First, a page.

I will be the first to admit that when it comes to people like Dennis Rodman, it is hard not to “judge a book by its cover.”
Don’t get me wrong, Rodman is one of the best who has ever played the game of basketball and arguably the greatest rebounders of all-time.
He has more rings than most legends of the past and his sacrificing hustle on the court kept me glued to the TV. I admired his overall game. He was all business on the court.
However, Rodman’s flamboyant foolery off the court attracted more attention. Whether it was posing nude, wearing a wedding dress, rocking piercings and tattoos all over his body, dyeing his hair like a package of Skittles, chasing down Madonna, reported bouts with drugs, or constant trouble with the law, this man stayed in the media for all the wrong reasons.
Rodman was inducted into the NBA Hall of Fame and his emotional acceptance speech is one to be studied. He came out on stage again dressed in bizarre fashion but for that brief moment I believe everyone looked pass his outer shell.
“What you see here is more, just, an illusion that I love to just be–an individual that just loves to be colorful,” said Rodman. “I never had a father. My father left me when I was five years old. He has 47 kids in the Philippines and I’m the oldest one. He wrote a book about me in Chicago. He made a lot of money but he never came and said hello to me. But that didn’t stop me from persevering.”
He further stated, “I haven’t been a great father. I haven’t been a great husband…I can’t lie about that. I have one regret—I wish I was a better father.”
He went on in the speech to talk about his troubled relationship with his mother and his own personal selfishness. “I haven’t been a great son to you at all,” he said to his mother.
I remember reading his book “Bad As I Wanna Be.” It was an interesting and brutally honest read with a lot of substance. I gained more insight into why Rodman is the way he has been based upon things that happened to him in his past that he has never healed from. His acceptance speech added more.
What is my point? We’re all in that same boat in some form or fashion.
We may not dye our hair or wear piercings to mask our pain but some of us use religion, food, psychological defense mechanisms, TV, shopping, alcohol, the applause of crowds, hanging out and other things, hoping they will give us an emotional escape. However, what was done to us is still there deep within and its controlling how we react to things going on right now.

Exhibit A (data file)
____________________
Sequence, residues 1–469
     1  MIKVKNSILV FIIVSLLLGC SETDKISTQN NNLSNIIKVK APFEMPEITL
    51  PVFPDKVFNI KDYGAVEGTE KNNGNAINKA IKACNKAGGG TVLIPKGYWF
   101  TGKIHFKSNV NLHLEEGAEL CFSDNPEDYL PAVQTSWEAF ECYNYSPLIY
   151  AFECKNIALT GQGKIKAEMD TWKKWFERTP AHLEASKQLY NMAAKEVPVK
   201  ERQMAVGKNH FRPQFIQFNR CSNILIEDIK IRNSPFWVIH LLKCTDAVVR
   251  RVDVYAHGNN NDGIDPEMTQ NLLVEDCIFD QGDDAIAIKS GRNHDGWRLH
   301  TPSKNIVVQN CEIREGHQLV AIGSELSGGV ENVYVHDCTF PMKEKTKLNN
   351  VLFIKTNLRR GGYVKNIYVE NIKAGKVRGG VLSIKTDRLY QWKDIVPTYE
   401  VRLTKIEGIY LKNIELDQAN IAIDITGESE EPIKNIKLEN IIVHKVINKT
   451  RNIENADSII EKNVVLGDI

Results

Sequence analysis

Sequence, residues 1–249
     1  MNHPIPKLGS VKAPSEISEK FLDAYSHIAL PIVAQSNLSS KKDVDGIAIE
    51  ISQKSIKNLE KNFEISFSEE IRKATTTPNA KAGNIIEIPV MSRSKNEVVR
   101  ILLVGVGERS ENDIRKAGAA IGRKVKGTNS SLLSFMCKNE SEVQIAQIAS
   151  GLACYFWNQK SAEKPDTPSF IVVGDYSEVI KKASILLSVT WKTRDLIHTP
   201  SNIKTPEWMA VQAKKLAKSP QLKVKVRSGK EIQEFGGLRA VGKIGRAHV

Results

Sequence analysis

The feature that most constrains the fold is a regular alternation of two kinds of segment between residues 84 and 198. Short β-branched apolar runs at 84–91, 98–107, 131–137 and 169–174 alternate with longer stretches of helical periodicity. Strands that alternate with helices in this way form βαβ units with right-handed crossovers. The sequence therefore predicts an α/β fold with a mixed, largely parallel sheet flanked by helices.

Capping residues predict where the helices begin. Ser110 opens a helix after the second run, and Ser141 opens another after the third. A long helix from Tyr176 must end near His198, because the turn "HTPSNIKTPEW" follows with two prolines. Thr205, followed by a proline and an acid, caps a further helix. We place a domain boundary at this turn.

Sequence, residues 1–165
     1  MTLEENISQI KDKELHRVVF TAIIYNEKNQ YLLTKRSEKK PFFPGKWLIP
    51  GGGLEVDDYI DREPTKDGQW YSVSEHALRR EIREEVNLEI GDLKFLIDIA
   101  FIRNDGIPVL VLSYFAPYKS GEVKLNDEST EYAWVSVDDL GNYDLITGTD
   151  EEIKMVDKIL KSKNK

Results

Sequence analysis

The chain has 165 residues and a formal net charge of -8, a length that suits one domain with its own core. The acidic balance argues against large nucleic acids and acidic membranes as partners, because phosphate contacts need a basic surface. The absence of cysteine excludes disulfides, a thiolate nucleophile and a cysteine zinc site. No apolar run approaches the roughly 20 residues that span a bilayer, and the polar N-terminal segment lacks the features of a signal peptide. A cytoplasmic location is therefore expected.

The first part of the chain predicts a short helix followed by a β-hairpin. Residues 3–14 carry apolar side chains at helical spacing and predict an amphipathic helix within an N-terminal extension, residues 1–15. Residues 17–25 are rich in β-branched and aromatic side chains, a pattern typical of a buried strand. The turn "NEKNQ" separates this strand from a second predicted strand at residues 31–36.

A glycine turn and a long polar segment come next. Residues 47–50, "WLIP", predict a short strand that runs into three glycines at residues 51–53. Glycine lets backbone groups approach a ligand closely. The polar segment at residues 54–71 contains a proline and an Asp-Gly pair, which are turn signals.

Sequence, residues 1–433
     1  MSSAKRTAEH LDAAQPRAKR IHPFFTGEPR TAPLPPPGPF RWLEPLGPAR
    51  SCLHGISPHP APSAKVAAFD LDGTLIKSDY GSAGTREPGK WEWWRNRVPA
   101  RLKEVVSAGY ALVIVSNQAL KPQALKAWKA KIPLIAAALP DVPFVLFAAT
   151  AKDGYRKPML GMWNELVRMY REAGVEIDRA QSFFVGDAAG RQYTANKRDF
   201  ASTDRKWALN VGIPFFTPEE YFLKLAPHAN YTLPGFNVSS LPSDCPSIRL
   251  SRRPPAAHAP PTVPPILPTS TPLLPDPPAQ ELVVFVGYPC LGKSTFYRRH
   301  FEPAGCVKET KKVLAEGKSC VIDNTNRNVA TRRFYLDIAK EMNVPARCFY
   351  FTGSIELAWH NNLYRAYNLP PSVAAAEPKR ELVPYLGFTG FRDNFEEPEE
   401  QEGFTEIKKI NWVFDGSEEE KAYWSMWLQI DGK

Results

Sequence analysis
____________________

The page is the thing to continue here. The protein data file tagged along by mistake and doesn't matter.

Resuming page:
There are things in our lives that have been done to us, even from the time we were babies in our mother’s womb. Were you close to being aborted? Did your father abandon your mother when she was pregnant with you? Did a teacher say certain negative words to you that have become subconscious commands in your mind? Did you get cursed at a lot growing up? Were you molested? Raped? Do you mimic the ugly abusive behavior of someone in your family tree? The list is endless and we all need healing.
Rodman taught me that if you don’t judge a book by its cover you may gain understanding of what isbeing covered up by the cover.
I too grew up fatherless and I was blessed to find my deceased biological father’s family last year. In cultivating my relationship with my uncles it hasn’t been easy. Completing my book about the experience and sharing my experience with others has been a form of healing.
Just a month ago, I did something and one of my uncles said “Yep, you definitely Joe’s son. That’s how Joe would do us.” It gave me some insight into why I do certain things stemming from my childhood.
Am I excusing evil, wickedness, foolishness or the bad decisions we make in our lives? No because we all have to accept responsibility. However, don’t be so quick to judge. You just might learn something from an unlikely source.
Thank you Rodman.
(You’re welcome to follow Brother Jesse Muhammad on Twitter @BrotherJesse)